GWJ Conference Call Episode 172

Conference Call

Spelunky, Bayonetta, Uncharted(s), Might & Magic: Clash of Heroes, Special Guest Kyle Orland & An Interview With Introversion!, Your Emails and more!

This week famed game journalist Kyle Orland joins Lara, Julian and Cory to discuss the dissolving of Crispy Gamer, the state of freelance journalism and more! Julian and Cory also sit down with Introversion's Mark Morris and Chris Delay to chat about independent game development and Darwinia+ for Xbox Live Arcade! If you want to submit a question or comment call in to our voicemail line at (612) 284-4563.

To contact us, email [email protected]! Send us your thoughts on the show, pressing issues you want to talk about or whatever else is on your mind. You can even send a 30 second audio question or comment (MP3 format please) if you're so inclined. You can also submit a question or comment call in to our voicemail line at (612) 284-4563!

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Show credits

Music credits: 

Intro/Outtro Music - Ian Dorsch, Willowtree Audioworks

"Atlantis" - Sketchbook (Pneuman) - http://blag.linuxgamers.net - 0:23:25
"All That She Remembers" - Apoplexia (Benoit Casey) - www.cerebrimusic.com - 0:48:42

Comments

I've done 1vs100 with ~5 other people in the same room helping to all get the answer right but it's usually something we do in addition to something else. It's not captivating for that many people, it's not fast paced enough.

About Crispy Gamer - Kyle hit the nail on the head from everything that I understood after going into the office the day after the changes to talk about what would change as an intern. I was also really starting to think CG was going to move quickly towards profitability with how well the site was doing and the acquisition of GamerDNA. Sad to see it go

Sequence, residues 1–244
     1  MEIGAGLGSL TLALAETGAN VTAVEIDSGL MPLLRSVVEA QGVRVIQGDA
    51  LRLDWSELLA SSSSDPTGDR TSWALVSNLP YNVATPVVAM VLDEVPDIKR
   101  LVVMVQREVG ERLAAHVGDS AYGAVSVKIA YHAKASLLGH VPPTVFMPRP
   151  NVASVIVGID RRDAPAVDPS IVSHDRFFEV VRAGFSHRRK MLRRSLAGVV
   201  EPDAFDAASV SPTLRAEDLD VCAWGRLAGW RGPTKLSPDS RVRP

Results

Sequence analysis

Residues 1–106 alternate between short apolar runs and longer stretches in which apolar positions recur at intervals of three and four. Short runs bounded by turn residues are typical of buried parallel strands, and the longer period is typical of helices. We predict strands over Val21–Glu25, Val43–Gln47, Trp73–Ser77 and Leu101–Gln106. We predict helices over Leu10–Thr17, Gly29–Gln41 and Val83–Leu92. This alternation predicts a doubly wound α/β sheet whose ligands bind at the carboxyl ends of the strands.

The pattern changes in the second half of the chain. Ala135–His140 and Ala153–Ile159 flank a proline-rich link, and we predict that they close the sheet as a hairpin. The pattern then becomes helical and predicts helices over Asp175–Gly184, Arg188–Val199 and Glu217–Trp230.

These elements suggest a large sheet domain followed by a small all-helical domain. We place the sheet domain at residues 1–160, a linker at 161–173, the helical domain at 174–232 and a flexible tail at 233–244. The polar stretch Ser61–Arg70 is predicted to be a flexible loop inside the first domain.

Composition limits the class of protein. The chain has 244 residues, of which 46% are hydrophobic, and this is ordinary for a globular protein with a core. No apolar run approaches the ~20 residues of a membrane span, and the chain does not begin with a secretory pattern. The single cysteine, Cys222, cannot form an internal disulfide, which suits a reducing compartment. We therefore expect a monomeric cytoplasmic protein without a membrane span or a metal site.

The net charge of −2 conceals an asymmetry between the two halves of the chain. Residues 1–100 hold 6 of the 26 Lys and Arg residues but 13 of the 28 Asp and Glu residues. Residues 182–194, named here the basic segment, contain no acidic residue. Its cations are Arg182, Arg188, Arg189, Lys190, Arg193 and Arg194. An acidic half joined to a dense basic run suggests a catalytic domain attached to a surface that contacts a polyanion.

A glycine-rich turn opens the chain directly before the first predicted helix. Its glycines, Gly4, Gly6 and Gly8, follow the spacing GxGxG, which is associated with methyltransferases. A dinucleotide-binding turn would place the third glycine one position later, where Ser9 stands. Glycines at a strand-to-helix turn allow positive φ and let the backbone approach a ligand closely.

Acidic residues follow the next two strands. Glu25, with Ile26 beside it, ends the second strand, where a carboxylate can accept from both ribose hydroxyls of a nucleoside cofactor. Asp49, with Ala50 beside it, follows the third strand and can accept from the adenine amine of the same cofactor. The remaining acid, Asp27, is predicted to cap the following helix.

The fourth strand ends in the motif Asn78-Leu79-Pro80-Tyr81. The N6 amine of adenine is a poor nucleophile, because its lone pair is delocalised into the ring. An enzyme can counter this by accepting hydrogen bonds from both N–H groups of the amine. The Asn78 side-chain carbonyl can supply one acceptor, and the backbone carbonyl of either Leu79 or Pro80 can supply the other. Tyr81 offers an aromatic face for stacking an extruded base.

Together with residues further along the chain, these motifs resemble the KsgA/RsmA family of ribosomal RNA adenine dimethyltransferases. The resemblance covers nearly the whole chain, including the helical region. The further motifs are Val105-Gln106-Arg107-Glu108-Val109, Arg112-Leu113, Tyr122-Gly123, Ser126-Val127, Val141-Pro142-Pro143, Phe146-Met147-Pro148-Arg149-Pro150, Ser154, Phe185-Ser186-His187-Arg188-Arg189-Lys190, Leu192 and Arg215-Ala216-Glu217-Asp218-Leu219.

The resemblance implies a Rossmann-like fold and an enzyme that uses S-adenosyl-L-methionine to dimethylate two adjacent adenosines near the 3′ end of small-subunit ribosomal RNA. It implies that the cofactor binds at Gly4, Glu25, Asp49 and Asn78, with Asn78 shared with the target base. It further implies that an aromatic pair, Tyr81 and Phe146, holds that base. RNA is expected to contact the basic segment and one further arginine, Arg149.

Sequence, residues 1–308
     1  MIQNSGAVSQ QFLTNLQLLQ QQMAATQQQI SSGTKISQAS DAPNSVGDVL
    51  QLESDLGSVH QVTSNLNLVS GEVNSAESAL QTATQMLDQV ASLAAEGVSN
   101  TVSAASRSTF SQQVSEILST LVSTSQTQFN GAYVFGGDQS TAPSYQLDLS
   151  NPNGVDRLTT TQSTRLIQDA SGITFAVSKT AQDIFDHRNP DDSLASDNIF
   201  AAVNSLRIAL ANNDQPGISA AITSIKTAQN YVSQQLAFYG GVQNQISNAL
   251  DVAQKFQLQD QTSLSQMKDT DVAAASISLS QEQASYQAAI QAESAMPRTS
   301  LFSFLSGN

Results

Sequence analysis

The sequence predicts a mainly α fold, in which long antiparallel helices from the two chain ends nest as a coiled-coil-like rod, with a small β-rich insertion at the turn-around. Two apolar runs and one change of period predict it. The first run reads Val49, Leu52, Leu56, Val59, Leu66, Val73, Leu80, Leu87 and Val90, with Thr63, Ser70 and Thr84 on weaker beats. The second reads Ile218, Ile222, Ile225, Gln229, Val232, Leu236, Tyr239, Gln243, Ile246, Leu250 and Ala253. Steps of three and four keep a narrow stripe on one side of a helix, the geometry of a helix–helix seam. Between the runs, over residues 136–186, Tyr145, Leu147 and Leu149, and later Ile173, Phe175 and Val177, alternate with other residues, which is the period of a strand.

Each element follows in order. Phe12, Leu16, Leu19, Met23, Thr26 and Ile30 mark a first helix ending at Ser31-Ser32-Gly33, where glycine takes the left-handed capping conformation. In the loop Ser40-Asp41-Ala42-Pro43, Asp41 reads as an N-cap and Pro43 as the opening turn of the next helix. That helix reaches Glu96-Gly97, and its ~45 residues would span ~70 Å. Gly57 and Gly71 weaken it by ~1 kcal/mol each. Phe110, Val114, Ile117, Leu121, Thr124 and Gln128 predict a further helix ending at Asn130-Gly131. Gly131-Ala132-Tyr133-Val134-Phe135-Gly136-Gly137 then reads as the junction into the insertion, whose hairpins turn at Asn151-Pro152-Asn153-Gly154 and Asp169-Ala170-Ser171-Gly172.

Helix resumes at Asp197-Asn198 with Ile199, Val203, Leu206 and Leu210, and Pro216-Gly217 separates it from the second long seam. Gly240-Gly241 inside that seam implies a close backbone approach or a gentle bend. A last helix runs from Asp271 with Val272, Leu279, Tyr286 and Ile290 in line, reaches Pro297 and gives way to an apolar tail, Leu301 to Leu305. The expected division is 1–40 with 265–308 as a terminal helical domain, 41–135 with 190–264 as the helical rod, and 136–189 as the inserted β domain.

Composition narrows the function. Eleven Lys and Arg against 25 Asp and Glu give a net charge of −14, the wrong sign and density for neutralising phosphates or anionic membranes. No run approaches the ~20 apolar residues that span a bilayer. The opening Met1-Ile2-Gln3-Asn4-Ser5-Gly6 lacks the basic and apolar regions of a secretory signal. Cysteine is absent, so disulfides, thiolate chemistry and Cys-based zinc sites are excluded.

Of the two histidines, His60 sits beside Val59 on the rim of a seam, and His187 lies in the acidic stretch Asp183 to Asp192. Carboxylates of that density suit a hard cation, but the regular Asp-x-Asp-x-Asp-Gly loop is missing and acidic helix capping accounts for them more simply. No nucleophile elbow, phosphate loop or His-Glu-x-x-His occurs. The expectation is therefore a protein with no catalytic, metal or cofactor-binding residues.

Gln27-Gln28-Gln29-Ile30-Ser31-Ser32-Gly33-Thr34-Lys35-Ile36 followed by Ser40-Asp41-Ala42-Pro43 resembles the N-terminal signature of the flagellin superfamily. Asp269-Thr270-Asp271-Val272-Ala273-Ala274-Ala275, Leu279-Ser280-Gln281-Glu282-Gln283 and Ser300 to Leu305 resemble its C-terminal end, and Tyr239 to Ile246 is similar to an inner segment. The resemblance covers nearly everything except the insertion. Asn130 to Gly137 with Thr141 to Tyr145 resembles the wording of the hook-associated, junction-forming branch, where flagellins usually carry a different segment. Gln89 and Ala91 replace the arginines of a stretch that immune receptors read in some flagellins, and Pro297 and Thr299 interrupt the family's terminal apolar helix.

(Agnitio on Crispy Gamer)

Qualden wrote:

About Crispy Gamer - Kyle hit the nail on the head from everything that I understood after going into the office the day after the changes to talk about what would change as an intern. I was also really starting to think CG was going to move quickly towards profitability with how well the site was doing and the acquisition of GamerDNA. Sad to see it go

(Agnitio on Crispy Gamer)

Ironically, the very acquisition of GamerDNA was what gave the board a reason to move to an entirely editorial free business model. As much as it appeared a sign of health, it was also a way out of the money pit that they saw in the writing side.

Really enjoyed the Introversion interview. Very nice work. I get a huge kick out of those guys.

Troy Goodfellow wrote:
Qualden wrote:

About Crispy Gamer - Kyle hit the nail on the head from everything that I understood after going into the office the day after the changes to talk about what would change as an intern. I was also really starting to think CG was going to move quickly towards profitability with how well the site was doing and the acquisition of GamerDNA. Sad to see it go